New Addition to the Travel Lexicon: ‘Geotourism’
Travel Blog • Jim Benning • 07.19.07 | 11:29 AM ET
In our ongoing quest to chronicle the comings and goings in the travel lexicon we bring you “geotourism,” a term describing travel that, in the AP’s words, “focuses on a destination’s unique culture and history and aims to have visitors help enrich those qualities.” Coined several years ago by the National Geographic Society’s Jonathan B. Tourtellot, the term hasn’t yet caught on among most travelers. But according to the AP, “it’s on the lips of travel professionals who describe it as a step beyond the better-known environmentally friendly ecotourism. While geotourism encourages treading lightly on nature, it’s also about authenticity and making a place better by visiting and spending money.”
Despite the best intentions of many travelers, few places significantly benefit from their visits, according to Leo Hickman, whose book, “The Final Call,” explores the impact of travel on the globe.
“Tourism is a very lop-sided deal in its current form whereby the buyers—us tourists—get by far a better deal than the sellers—the people living in the destinations,” he said in a recent World Hum interview. “I saw very few examples whereby the people in the destinations said they felt they were getting an equitable deal—of the dozen or so destinations I visited, I can only think of three examples off the top of my head, two in Costa Rica and one in Kerala, India.”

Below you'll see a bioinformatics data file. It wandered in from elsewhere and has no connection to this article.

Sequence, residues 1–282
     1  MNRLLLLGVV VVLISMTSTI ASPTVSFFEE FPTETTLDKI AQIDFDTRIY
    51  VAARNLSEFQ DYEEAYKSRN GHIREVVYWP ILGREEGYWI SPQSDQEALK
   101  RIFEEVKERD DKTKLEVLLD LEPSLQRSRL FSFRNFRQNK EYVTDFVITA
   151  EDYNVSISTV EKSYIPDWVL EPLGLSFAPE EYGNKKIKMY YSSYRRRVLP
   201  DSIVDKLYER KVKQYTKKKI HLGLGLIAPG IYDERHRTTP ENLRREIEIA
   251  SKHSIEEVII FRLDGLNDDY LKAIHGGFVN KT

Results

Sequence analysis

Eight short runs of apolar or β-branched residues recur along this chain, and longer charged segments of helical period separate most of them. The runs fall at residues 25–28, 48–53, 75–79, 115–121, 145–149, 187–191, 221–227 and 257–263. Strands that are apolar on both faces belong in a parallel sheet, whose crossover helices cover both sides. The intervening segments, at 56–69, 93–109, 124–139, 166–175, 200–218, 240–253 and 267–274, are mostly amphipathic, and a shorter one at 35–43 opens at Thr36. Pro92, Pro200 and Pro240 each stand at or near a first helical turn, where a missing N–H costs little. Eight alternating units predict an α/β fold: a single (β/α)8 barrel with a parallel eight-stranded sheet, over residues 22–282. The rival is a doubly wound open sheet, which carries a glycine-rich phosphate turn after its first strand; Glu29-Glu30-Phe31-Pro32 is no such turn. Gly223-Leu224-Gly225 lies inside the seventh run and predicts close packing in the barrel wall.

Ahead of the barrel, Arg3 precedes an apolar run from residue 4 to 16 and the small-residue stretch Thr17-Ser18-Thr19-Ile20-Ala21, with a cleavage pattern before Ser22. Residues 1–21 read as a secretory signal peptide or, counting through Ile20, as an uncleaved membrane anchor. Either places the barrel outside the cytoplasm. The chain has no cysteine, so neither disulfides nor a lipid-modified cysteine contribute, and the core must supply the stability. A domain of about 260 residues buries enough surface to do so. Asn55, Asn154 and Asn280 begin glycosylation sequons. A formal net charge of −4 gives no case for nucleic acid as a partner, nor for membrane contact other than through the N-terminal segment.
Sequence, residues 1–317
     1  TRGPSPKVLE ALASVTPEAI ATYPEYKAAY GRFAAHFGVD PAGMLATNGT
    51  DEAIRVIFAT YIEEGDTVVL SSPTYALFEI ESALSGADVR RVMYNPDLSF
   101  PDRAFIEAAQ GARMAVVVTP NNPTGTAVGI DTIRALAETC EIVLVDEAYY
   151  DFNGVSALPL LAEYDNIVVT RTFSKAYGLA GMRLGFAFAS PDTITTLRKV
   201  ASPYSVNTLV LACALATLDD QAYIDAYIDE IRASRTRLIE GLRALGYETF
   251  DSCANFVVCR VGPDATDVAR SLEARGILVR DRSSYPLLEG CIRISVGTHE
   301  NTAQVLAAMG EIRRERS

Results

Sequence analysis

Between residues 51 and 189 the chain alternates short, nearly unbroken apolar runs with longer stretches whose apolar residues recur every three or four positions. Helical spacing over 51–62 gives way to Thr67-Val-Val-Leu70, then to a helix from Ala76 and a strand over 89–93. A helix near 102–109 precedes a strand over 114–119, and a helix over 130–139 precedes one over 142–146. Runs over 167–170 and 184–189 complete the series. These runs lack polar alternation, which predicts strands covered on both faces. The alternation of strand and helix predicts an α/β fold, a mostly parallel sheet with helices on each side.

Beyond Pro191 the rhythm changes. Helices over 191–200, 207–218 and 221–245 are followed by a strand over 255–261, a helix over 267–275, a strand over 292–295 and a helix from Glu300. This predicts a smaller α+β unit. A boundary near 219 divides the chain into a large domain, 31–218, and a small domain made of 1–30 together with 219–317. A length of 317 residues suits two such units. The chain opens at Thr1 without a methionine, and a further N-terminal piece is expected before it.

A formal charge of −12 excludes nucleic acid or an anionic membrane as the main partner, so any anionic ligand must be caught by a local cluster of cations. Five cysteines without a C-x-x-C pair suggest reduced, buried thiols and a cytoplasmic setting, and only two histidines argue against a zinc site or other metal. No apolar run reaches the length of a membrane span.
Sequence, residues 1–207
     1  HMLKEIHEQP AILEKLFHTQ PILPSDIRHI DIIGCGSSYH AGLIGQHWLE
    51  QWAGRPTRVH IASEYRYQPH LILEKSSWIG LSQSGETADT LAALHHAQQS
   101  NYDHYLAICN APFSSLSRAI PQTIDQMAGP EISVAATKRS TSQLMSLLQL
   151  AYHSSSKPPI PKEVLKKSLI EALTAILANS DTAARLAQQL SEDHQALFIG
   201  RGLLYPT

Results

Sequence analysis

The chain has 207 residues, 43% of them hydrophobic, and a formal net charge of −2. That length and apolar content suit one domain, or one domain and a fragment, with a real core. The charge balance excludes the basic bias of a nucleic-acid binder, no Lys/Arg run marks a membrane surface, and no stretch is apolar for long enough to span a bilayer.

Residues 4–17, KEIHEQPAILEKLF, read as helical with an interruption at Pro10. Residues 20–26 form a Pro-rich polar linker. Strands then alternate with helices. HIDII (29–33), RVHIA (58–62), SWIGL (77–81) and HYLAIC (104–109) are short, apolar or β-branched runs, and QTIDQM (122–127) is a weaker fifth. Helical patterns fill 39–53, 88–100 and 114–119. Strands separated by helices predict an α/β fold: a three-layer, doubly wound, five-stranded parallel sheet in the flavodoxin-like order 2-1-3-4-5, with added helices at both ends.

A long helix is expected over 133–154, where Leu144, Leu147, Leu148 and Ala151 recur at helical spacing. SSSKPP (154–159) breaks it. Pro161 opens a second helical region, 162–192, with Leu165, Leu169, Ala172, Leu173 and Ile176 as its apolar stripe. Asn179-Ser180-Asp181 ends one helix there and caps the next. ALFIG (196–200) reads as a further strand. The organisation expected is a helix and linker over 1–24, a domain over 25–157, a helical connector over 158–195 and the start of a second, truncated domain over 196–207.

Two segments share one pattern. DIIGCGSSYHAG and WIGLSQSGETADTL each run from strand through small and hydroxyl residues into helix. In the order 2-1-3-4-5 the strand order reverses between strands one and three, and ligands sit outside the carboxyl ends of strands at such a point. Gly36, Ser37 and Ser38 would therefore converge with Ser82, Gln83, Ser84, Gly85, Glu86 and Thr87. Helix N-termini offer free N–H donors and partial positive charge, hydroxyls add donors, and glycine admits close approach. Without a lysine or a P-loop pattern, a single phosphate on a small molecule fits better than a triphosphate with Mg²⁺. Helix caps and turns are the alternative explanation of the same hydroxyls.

The question of what constitutes enrichment in a given place can get complicated, but finding examples of tourist traps isn’t too challenging.
In the AP story, Tourtellot points to the Costa del Sol in Spain, otherwise known as the “Costa del Concrete,” as an example of a place where tourism has taken a big toll.
“It’s not necessarily that a big hotel on a beach is a bad thing,” Tourtellot told the AP. “It’s how the hotel is designed. It’s where the hotel is located. What’s a bad thing is nothing but ugly, look-alike hotels going on for mile after mile.”
However you want to define it, it’s clear that travelers are becoming increasingly conscious of the impact they have. Some are even taking up a form of travel that constitutes another recent addition to the travel lexicon: voluntourism.